News: 'Gay chat mayor' Jim West recalled
It will not be official until the election results are certified, but Jim West of Spokane lost the title of mayor today. He gained notoriety in May as a resolutely Right Wing politician who trolled the Internet for barely legal male sexual partners. The scandal culminated in the recall election that ended at 8 p.m. Throughout the saga, West claimed that he had done nothing to warrant losing his job and that he was being pilloried for behavior that was purely personal.
The Spokesman-Review has the story.
Spokane voters ousted Mayor Jim West today.
Preliminary results in the all-mail special election have 65 percent of the ballots marked in favor of the recall, and 35 percent against.
The 59,501 ballots counted represent 54 percent of the 110,589 sent to voters nearly three weeks ago. Ballots will continue to arrive at the elections office for the next several days, but the margin of support for the recall makes it mathematically unlikely that West can reverse the results.
The charge on the ballot, based on reports in The Spokesman-Review, said West should be removed for using "his office for personal benefit." In his ballot response, West denied using his office for personal gain, said he had helped move the city forward by solving long-standing problems and better management practices, and apologized for "errors in my private life."
Under state law, West will officially be removed from office on Dec. 16, the day the election results are certified. Council President Dennis Hession will become the mayor pro tem until the council selects a replacement to serve the remaining two years of West's term.
West's problems with sexual misconduct may have begun decades ago, but the momentum for a recall election began when The Spokesman-Review published a long article reporting allegations that he may have molested boys while serving as a deputy sheriff, solicited teenagers for sex and offered city positions to young men as part of seduction attempts. Controversy arose over the newspaper's use of a computer technician posing as a high school senior at Gay.com, an Internet site where homosexual men socialize, to confirm West's identity and behavior. The computer technician mimicked the conduct of a teen who reported meeting West there, being courted, and ultimately having sex with the mayor in his car.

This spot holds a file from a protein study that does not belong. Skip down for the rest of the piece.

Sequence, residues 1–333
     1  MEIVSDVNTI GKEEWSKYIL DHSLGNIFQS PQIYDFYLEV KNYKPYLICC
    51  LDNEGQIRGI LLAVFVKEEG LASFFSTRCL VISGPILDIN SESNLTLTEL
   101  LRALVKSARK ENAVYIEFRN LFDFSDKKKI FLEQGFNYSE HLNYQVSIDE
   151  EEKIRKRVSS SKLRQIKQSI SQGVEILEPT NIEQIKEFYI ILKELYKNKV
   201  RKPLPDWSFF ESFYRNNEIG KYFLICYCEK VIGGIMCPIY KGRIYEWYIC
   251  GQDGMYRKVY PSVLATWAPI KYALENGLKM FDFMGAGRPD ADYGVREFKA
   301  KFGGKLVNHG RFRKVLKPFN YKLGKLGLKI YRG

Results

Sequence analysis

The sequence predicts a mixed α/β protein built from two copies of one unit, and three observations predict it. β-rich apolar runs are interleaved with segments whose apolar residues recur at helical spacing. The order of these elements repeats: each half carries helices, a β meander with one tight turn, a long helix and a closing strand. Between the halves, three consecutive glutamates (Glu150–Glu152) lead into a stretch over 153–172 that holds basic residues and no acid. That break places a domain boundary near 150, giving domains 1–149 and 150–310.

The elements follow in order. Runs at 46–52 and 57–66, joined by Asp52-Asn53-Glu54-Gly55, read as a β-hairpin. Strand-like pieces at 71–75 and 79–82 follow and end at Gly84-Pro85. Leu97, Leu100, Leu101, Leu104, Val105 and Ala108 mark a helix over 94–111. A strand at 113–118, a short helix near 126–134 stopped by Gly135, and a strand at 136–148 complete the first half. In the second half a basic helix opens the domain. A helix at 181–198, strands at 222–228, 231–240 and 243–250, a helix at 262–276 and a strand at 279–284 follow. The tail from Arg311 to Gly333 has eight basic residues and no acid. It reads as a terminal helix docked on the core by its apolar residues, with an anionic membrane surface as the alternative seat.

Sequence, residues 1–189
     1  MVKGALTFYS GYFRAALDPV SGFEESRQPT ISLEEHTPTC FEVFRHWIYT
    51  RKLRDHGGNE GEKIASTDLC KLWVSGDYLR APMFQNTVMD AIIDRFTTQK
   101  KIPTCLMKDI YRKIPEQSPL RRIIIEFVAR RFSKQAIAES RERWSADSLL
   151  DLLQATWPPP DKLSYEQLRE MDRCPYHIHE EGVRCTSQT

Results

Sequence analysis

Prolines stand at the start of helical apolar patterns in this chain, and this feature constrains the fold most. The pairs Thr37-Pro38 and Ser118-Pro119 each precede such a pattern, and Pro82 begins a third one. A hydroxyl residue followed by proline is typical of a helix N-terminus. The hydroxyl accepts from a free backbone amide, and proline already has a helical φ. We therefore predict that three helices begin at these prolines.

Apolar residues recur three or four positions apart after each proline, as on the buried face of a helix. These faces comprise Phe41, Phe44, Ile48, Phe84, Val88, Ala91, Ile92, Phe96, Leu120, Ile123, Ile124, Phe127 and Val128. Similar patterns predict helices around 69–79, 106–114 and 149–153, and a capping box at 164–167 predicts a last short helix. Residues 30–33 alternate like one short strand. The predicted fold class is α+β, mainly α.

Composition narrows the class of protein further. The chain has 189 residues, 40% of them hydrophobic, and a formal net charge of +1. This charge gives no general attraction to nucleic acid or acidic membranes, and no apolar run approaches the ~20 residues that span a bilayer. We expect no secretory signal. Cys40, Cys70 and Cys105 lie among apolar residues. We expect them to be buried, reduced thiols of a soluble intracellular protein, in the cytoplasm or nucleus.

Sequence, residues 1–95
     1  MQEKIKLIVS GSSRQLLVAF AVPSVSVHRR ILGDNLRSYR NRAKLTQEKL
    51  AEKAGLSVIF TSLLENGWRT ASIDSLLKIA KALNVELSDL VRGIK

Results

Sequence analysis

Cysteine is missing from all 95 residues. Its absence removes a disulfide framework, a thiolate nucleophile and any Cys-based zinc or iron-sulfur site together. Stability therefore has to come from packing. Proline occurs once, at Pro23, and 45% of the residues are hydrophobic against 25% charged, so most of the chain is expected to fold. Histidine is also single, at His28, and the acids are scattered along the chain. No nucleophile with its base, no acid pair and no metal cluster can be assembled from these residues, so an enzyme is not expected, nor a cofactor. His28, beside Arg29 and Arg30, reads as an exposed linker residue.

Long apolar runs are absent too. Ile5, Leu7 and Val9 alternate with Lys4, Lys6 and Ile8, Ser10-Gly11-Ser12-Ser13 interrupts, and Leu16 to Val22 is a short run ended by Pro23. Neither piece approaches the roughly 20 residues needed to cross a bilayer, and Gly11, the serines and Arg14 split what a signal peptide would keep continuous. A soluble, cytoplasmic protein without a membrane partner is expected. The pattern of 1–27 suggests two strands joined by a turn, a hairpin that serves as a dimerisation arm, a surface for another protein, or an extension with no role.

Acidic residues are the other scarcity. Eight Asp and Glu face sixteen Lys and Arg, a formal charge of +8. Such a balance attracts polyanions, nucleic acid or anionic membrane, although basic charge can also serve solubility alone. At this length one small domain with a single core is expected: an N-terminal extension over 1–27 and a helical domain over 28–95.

Both the public and some journalists questioned the ethics of the The Spokesman-Review using a hired hand to elicit information from West. The ruse ended after West appeared at a designated place for a sexual rendevous with the person he believed to be a high school senior.
I have never accepted West's claim that his behavior was solely personal. There are too many indicia connecting his secret personal life and his public life as a powerful politician. He used his position as mayor to impress would-be conquests. His city-owned computer was sometimes used for visiting Gay.com and similar sites. Some of those visits occurred during working hours. West downloaded thousands of pictures of men, some of them nude, others engaged in sex acts, to the computer. In addition, he is alleged to have offered a human resources position to a young man he was trying to date. Another young man says he was appointed to the city's human rights commission after West made bumbling attempts to attract his sexual interest on line. The unwanted advances continued until the he resigned his position and ended contact with West. There is additional evidence, but I think this information sufficient to establish that West's private and public lives had merged, with his apparent obsession with seeking out young males for sex getting the upper hand.
Some people are particularly offended by West's opposition to gay rights legislation as a state legislator, majority leader and mayor. They say that his role of closeted gay nemesis of homosexuals was particularly reprehensible. There is irony in that. But, I don't believe that West's homosexuality, which he denied until the scandal, is the key to the situation. A heterosexual politician who sought out girls and young women for sex, using city resources, and offering them paid or unpaid positions in the city bureaucracy, would be just as much in the wrong.
Citizens of Spokane have appeared reluctant to confront a politician with a reputation for playing hard ball until now. The recall campaign was led by a couple of people with no political experience or financial clout. It was underfunded, and, poorly publicized except for newspaper coverage. Though they gradually withdrew tacit support for him, business and most political leaders did not directly admonish West. Religious leaders were silent. The big picture that emerged was of a city in which people are reluctant to challenge the powerful. The secrecy of the ballot process seems to have given the city its voice. That voice has said 'No' to Jim West.